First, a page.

IINs are one of the tools banks use to combat card data theft since they reveal discrepancies between the card types, issuing bank, and transaction location. IINs are used primarily for credit card transactions but can also be used for other types of electronic payments.
Issuer Identification Numbers not only combat fraud but also make card payments faster by streamlining the validation process.
A card network, also known as a payment network, is a system that facilitates electronic payments between merchants, cardholders, and banks.
The biggest card networks in the world are Visa, American Express, Discover, and Mastercard.
Although processing card payments is the essential function of card networks, they do provide other services, such as dispute resolution and rewards programs.
Card networks rely on three principles to function—authorization, clearing, and settling.
This is when the card network verifies that the customer is a legitimate cardholder and has the funds to afford the transaction.
This is an exchange of information that tells banks where to send funds.
This is when the funds are actually sent to the appropriate parties.
An agent bank is a financial institution that acts on behalf of other financial institutions, such as correspondent banks, in a variety of financial transactions.
Payment processors sometimes work with agent banks to facilitate electronic payments.
Interestingly, in certain cases, payment processors may act as agent banks themselves when providing services to other financial institutions.
The benefit of agent banks is they can make it easier to manage and reconcile payments and reduce errors and delays.
The relationships between payment processors and agent banks are complex.
Not all payment processors work with agent banks, but many do.
The extent to which a payment processor works with agent banks depends on the specific services and products offered by the processor, as well as the regulatory environment in which the processor operates.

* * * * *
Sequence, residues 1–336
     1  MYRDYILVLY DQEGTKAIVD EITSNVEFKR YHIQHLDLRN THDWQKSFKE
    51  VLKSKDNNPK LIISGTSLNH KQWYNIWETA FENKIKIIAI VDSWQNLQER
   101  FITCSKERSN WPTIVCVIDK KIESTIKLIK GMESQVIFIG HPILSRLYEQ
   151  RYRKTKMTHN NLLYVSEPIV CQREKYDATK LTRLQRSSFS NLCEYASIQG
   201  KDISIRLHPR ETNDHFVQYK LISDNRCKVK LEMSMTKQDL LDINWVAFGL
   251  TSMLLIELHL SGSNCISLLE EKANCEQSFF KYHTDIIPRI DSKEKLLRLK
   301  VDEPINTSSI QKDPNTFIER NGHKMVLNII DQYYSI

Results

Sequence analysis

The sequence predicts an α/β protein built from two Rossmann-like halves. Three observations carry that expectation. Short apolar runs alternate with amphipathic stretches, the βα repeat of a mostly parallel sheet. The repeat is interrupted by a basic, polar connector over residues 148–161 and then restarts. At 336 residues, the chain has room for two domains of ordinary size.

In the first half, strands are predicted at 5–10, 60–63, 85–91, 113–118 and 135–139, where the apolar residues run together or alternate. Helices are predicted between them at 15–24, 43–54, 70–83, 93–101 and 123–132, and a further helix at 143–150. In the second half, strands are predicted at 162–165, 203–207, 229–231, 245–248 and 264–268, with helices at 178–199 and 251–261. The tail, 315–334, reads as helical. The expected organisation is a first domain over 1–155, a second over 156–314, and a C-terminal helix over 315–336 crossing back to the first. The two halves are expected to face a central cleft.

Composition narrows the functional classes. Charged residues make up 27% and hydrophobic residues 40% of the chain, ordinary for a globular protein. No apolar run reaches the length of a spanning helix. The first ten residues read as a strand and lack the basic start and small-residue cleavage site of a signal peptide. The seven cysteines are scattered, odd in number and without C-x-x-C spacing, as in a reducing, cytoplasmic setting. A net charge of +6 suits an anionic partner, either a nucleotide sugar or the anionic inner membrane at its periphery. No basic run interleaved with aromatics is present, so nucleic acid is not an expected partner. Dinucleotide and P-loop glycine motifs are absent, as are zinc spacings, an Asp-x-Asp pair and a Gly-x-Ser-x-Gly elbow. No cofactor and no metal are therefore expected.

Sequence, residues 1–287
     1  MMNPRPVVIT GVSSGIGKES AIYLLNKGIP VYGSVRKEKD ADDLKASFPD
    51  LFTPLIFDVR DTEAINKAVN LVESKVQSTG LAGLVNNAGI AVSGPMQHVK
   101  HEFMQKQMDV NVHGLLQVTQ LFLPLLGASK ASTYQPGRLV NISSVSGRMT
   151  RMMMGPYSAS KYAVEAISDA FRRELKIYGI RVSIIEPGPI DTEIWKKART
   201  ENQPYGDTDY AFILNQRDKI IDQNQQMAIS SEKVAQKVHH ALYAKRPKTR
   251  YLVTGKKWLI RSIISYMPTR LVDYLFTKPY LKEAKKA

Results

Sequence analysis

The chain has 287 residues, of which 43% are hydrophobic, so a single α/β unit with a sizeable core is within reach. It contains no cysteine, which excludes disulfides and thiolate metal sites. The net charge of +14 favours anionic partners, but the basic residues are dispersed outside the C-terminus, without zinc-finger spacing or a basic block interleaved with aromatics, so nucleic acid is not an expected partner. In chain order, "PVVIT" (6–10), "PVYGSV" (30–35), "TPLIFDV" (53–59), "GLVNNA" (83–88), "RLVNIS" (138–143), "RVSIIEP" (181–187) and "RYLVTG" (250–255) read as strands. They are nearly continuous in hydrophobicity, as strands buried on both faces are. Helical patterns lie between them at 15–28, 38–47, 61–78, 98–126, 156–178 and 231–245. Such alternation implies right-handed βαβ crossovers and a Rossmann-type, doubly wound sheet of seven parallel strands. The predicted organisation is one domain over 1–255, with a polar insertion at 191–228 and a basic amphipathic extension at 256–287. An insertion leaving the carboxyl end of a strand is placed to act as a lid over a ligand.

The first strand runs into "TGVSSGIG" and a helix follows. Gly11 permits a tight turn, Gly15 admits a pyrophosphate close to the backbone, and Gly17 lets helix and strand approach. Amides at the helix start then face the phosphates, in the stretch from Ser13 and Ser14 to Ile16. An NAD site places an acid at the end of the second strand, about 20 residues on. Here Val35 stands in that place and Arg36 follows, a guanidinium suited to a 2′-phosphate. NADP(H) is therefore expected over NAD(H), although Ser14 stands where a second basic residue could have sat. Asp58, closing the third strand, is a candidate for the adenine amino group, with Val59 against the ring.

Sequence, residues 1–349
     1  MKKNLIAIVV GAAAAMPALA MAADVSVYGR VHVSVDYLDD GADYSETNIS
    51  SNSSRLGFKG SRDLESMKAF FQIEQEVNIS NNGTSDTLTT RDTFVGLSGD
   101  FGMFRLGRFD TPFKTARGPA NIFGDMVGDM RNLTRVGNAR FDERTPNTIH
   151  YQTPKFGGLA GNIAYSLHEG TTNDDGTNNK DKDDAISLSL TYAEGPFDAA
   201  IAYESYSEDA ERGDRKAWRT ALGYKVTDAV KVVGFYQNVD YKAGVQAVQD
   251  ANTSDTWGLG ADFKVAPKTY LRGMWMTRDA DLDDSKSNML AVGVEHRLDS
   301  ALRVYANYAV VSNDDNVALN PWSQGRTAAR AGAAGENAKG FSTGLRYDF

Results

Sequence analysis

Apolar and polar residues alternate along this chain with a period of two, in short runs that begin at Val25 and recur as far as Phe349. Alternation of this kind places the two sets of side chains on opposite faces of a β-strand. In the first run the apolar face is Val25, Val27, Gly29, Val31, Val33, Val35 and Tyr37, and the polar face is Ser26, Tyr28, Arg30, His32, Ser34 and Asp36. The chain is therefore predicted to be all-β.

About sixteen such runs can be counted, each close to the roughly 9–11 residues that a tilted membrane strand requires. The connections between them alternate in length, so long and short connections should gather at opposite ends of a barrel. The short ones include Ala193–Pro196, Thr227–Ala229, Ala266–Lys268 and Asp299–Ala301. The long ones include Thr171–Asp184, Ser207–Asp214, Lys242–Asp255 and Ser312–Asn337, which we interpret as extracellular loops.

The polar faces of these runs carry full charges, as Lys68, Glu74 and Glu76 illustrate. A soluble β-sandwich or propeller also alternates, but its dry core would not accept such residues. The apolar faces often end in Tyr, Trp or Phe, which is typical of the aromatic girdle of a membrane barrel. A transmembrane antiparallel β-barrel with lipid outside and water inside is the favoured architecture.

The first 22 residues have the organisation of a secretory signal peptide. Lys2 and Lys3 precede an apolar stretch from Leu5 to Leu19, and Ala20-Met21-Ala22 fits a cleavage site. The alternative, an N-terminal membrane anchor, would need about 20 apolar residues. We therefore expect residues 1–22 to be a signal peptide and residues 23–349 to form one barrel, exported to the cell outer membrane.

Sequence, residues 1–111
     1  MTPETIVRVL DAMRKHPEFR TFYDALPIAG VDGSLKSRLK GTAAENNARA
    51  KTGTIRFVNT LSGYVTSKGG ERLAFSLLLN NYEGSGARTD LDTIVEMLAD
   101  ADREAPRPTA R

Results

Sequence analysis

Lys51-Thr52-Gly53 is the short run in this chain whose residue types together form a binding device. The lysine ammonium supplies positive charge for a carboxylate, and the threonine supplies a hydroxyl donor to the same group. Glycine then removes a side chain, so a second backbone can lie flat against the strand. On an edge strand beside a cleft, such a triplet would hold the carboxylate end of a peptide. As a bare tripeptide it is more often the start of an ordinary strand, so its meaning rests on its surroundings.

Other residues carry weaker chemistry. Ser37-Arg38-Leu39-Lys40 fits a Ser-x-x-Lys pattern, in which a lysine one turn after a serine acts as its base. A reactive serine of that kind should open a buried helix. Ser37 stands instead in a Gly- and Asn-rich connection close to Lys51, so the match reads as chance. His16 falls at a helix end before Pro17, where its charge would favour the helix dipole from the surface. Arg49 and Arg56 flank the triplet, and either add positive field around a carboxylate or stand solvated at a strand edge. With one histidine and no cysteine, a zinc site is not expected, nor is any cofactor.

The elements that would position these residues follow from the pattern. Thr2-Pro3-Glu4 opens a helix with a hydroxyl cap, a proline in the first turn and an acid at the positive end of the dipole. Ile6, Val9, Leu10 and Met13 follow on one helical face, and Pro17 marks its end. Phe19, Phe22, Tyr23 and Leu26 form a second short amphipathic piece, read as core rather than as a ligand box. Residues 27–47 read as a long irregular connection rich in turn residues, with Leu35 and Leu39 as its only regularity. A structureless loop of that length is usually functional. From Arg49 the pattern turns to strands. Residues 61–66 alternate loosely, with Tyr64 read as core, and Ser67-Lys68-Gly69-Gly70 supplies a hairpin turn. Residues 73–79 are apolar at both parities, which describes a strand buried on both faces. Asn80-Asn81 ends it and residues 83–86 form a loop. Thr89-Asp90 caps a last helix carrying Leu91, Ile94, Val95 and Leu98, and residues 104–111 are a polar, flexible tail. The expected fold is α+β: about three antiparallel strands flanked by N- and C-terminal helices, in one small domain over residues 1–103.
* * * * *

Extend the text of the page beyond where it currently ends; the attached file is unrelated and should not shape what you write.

Some payment processors work with agent banks when performing transactions in other countries so as to comply with local laws and regulations.
A floor limit is how much the bank or card issuer allows a credit card to be charged without the need for further approval.
The bank or card issuer sets the floor limit, and they do so based on different factors, such as the cardholder’s creditworthiness and financial history.
Transactions that are below the floor limit are automatically approved, whereas a transaction that exceeds the floor limit requires approval from the cardholder, usually meaning they have to enter their PIN.
Non-qualified transactions occur when customers use a rewards card or a business card or when the payment doesn’t comply with certain criteria set by the card network or payment processor.
All non-qualified transactions are subject to higher processing fees.
Bank Response Code/Credit Card Authorization Code
A bank response code is a numerical code returned by a bank or financial institution when processing a transaction, such as a credit card or debit card transaction. The code’s purpose is to provide the transaction status.
Bank response codes vary depending on the type of transaction and the bank or financial institution involved.
Common bank response codes include:
Approval codes, decline codes, and hold for review codes.
When payment providers rely on multiple third parties to accept card payments, managing those relationships becomes increasingly complicated. This can lead to higher fees and lower quality service for customers.
The good news is that Pixxles has streamlined the payment process by eliminating the need for third parties.
As an authorized payment service provider under the Financial Conduct Authority, Pixxles is directly accountable to its customers and the regulator.
This allows us to offer transparent pricing, outstanding service, and unbeatable value without the added complexity of third-party involvement.
If effortless payment processing and exceptional service sound good to you, Pixxles is the solution you’ve been looking for.